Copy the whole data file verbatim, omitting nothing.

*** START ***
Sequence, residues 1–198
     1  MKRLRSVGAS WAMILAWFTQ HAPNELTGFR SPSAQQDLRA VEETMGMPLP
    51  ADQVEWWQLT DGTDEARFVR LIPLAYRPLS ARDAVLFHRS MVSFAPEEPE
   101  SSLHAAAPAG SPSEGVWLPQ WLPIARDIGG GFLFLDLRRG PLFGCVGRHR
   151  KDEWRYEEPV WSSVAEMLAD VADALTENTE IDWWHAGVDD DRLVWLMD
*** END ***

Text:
Sequence, residues 1–198
     1  MKRLRSVGAS WAMILAWFTQ HAPNELTGFR SPSAQQDLRA VEETMGMPLP
    51  ADQVEWWQLT DGTDEARFVR LIPLAYRPLS ARDAVLFHRS MVSFAPEEPE
   101  SSLHAAAPAG SPSEGVWLPQ WLPIARDIGG GFLFLDLRRG PLFGCVGRHR
   151  KDEWRYEEPV WSSVAEMLAD VADALTENTE IDWWHAGVDD DRLVWLMD